Also, move often while wading, but move slowly and deliberately as to not spook fish in the clearer waters of winter. Move your legs and your feet will not become uncomfortably cold.
If the temperature outside is below freezing, do not bring your best fly fishing rod. Freezing temperatures can freeze and break the guides and reel if you try to forcefully break through the ice instead of patiently thawing everything out. If you break your beautiful new, expensive fly rod you are definitely NOT going to like winter fly-fishing. You can also use Stanley’s Ice Off Paste, designed for the sole purpose to keep ice off fly rod guides.
Hatches still happen in the winter, but mostly it’s just midges. Midges can make up to as much as 50% of a fish’s winter diet. Midges, are in the same family as mosquitoes (Diptera), and can complete an entire life cycle in winter conditions.
Midges have four stages of life:
In regards to fishing, it is the last two stages, midge pupa with trailing shucks that make an easy meal for most Colorado trout.
So knowing this, the most likely chance for catching dry-fly action in winter will be with midges. When water temps are below 40 degrees, plan on hatch midges size 20 and smaller. Check for midge color and size in eddies or foam along the bank of the river, which is where hatching insects will collect. Good winter midge fly options are red, black, cream and small varieties of rs2 emergers. Consult local fly shops to get an idea of likely fly patterns for the day you are fishing.
Cold water means slow, lethargic fish. They are usually tucked along the bottom where there is less current. They are also going to be less likely to actively go to your fly so you need to make sure your flies get to them. Get your flies down to the fish by adding enough weight to your rig and/or raise your indicator. You will need to keep adjusting this with varying water depths and in response to any insect activity to keep your flies in the right ‘zone.’ for hungry, sedentary fish.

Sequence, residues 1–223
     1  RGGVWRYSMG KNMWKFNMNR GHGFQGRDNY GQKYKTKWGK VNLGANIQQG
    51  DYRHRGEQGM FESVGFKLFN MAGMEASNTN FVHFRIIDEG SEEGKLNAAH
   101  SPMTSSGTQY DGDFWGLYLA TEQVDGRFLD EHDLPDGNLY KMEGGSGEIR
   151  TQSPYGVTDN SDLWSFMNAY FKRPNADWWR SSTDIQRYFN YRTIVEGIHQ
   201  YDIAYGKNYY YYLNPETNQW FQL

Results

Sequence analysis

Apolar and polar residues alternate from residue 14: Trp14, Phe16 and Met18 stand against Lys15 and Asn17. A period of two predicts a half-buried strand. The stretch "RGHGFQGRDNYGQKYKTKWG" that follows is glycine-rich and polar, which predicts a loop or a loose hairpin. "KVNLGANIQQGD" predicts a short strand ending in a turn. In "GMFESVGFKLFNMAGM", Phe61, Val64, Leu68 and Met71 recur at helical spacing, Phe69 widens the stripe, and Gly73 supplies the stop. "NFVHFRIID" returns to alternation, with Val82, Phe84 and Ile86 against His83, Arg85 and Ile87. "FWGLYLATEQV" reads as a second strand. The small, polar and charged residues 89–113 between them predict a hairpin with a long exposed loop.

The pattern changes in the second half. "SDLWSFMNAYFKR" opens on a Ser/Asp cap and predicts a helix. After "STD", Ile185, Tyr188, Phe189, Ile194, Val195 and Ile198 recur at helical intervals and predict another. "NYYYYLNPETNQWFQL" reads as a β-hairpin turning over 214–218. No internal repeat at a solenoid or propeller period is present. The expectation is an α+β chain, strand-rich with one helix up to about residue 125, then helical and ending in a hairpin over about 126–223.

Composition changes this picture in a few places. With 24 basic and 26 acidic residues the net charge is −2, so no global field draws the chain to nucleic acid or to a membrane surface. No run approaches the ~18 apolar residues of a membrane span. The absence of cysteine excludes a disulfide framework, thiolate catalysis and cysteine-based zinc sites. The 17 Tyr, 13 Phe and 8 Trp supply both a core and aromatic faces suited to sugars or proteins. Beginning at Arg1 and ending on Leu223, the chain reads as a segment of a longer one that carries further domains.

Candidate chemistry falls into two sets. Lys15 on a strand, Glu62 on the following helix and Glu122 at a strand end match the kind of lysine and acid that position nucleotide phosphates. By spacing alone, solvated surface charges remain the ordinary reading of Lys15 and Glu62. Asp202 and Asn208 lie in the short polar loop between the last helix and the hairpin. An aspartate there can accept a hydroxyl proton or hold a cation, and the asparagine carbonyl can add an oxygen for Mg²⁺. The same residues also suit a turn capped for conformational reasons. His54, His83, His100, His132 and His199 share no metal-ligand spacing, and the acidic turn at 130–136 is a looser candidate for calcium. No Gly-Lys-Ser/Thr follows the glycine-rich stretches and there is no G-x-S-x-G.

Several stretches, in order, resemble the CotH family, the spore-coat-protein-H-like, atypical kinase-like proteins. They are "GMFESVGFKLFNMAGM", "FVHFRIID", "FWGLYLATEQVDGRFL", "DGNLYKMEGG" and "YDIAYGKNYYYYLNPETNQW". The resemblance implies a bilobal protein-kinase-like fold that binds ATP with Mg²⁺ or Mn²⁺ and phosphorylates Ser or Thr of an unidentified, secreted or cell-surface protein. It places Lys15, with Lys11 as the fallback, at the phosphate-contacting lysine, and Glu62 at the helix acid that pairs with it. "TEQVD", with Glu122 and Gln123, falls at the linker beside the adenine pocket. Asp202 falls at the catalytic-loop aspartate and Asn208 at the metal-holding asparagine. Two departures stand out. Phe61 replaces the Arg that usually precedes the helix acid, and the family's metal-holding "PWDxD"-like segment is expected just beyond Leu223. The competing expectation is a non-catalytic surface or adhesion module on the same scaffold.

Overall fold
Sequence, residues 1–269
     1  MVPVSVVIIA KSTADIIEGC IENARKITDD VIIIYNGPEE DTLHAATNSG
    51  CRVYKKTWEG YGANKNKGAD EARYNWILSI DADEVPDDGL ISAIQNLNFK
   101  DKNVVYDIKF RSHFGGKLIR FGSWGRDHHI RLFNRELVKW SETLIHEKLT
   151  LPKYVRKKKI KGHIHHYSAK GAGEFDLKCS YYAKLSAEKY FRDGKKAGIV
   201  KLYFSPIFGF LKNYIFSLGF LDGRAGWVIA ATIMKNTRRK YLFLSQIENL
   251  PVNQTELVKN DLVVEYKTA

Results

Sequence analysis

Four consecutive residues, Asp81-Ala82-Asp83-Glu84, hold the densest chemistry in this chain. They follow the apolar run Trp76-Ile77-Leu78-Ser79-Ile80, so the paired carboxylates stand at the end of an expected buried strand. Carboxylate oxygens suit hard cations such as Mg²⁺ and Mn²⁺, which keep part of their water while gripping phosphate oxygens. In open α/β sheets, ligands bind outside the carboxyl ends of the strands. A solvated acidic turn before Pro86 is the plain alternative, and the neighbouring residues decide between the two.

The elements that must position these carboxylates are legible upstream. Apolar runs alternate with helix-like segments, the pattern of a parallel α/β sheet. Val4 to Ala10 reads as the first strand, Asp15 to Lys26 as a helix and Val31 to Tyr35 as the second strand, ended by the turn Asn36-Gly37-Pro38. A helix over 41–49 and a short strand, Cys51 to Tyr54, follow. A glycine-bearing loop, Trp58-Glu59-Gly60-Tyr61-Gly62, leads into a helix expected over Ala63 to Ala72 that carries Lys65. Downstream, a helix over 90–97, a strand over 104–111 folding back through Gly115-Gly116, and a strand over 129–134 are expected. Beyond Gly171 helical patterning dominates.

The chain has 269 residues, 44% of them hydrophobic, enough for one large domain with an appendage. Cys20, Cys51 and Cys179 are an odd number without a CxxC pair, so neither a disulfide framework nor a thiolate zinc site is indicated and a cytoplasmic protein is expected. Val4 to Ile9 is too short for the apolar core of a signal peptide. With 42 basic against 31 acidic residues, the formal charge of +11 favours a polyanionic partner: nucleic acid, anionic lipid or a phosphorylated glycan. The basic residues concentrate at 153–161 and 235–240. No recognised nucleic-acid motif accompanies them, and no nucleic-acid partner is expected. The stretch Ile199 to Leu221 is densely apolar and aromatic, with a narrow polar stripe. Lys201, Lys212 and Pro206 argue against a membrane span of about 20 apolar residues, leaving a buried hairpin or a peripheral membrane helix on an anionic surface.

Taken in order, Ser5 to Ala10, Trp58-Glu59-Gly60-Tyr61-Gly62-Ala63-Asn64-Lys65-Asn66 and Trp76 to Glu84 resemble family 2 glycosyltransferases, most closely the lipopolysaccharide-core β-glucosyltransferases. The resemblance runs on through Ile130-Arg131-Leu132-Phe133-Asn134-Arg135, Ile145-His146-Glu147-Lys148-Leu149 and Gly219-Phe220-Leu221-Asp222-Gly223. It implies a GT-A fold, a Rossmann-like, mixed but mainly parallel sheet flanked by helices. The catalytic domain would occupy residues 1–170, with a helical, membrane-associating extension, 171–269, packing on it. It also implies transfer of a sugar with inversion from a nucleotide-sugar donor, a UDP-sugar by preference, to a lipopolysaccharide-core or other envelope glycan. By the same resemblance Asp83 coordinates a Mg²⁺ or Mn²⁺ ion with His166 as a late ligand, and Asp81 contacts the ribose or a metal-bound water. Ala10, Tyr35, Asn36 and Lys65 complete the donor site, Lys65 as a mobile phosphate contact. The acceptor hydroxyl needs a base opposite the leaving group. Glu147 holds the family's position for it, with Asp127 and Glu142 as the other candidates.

Winter waters means clear water and spookier fish. Keep your movements slow and deliberate as fish will be able to see you much better in clearer waters. Use as small of a bobber as possible. A smaller indicator allows you to be more stealthy when fishing in low clear, cold waters
For the best shot at a successful day of catching fish it is recommended to go fly-fishing with a knowledgeable guide, especially in the winter because there is less room for error in the winter and guides can put your flies pretty much right where the fish are. These local guides know their stuff and know where to go to find the fish. If you are in the Vail area and looking for a local fly-fishing guide here are some of the top outfitters.
See this video with a Great Winter Fly Fishing Trick
Have you gone winter fly-fishing in Colorado? Did you enjoy it? What was your favorite aspect of winter fly-fishing and how did it differ from fly-fishing during the rest of the year? What worked best for you and were you successful? We would love to hear your thoughts and comments.